Future Earth Systems of Sustainable Consumption and Production
News and Information
2018.5.28 New paper "Transforming systems of consumption and production for achieving the sustainable development goals: moving beyond efficiency" just published. <Archive>
2018.5.14 New paper "Circular economy and power relations in global value chains: Tensions and trade-offs for lower income countries" just published. <Archive>
2018.5.8 New paper "Why achieving the Paris Agreement requires reduced overall consumption and production" just published. <Archive>
With the global population projected to reach 9.6 billion by 2050, and in view of finite resource availability and resilience of the Earth system, current patterns of global development are not sustainable. A fundamental restructuring of current systems of production, distribution and consumption is indispensable to accommodate world demographic growth and rising consumption while facilitating sustainable development for a majority of people. Agenda 21, adopted at the Rio Earth Summit in 1992, first highlighted the need for a transition toward sustainable consumption and production (SCP). More recently, the United Nations’ Sustainable Development Goals (SDGs) reaffirmed the overarching importance of SCP, identifying it as an explicit objective (SDG#12) and acknowledging its cross-cutting relevance to numerous other goals including health and well-being, clean energy, decent work and economic growth and sustainable cities and communities.
The Future Earth Systems of Sustainable Consumption and Production (SSCP) Knowledge-Action Network emphasises the need to address whole provisioning systems, including consumption practices and production conditions, as well as life-cycle impacts and the economic, political, social and cultural imperatives that impel consumerist lifestyles. To promote a more systemic approach to SCP and to enable a transformation in theory and practice, the Knowledge-Action Network aims to strengthen collaboration between communities of researchers and practitioners that are currently focused on either production or consumption, including actors, decision makers and other stakeholders.
Research on SCP has devoted significant attention to the efficacy of individual behaviour-change premised largely on consumer education and eco-labeling and, separately, the development and use of more efficient and less polluting technologies (typically referred to as weak SCP or “green” consumerism), with the aim of reducing the adverse effects of goods and services on a per unit basis and to improve resource use and product performance. By contrast, perspectives informed by a macro-structural understanding of prevailing production-consumption patterns is also needed to achieve absolute reductions in energy and materials throughput (strong SCP). Satisfying this more ambitious objective is likely to entail policy measures that limit volumes of production and consumption and raise critical questions about social and economic equity, continued economic growth and individual and societal well-being.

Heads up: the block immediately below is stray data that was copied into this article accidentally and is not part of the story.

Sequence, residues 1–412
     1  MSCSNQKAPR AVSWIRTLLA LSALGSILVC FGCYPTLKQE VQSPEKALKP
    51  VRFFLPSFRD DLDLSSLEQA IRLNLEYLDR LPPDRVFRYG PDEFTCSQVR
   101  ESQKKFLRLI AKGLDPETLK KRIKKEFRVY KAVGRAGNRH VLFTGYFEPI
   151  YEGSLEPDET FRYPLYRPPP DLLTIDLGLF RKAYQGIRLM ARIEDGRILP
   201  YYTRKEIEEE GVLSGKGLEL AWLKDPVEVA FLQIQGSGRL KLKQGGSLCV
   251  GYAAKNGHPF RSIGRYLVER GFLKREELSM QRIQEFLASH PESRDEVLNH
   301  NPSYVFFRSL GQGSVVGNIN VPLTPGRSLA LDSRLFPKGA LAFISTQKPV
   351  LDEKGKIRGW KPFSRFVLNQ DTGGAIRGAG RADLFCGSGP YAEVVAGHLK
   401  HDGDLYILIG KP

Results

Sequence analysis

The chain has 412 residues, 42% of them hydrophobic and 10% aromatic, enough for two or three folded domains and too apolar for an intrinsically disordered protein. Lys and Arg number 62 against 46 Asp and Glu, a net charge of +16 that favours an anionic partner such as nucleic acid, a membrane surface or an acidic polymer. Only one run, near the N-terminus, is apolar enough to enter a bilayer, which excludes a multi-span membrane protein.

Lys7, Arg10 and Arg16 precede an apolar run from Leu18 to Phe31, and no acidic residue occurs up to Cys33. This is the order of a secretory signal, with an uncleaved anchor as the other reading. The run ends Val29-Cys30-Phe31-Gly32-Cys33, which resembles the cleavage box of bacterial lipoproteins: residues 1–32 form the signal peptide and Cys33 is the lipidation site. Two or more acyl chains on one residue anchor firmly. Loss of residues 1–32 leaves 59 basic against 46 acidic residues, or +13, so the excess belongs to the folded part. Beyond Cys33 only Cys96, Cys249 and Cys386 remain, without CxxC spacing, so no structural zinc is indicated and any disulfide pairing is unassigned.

To achieve this ambition, the SSCP Knowledge-Action Network seeks to address:
- How to forge a more integrated understanding of sustainable consumption and sustainable production, and
- How to increase the societal/policy relevance of a “strong view” of SCP.
The Knowledge-Action Network also seeks to emphasise both in its research and public engagement the need for more resolute action based on strong SCP perspectives and to build and disseminate knowledge on how this can be done in practice. An important part of this endeavour will be to improve understanding of opportunities for overcoming obstacles to the uptake of strong SCP approaches and to be prepared to take advantage of fortuitous circumstances when they arise.
In line with these objectives, the Knowledge-Action Network will co-design studies, co-generate knowledge, and initiate other activities around the five focal themes indicated below:
- Political Economy of Sustainable Consumption and Production
- Sustainable Consumption and Production in Cities
- Social change beyond consumerism
- Communicating for Sustainable Consumption and Production
- Global Value Chains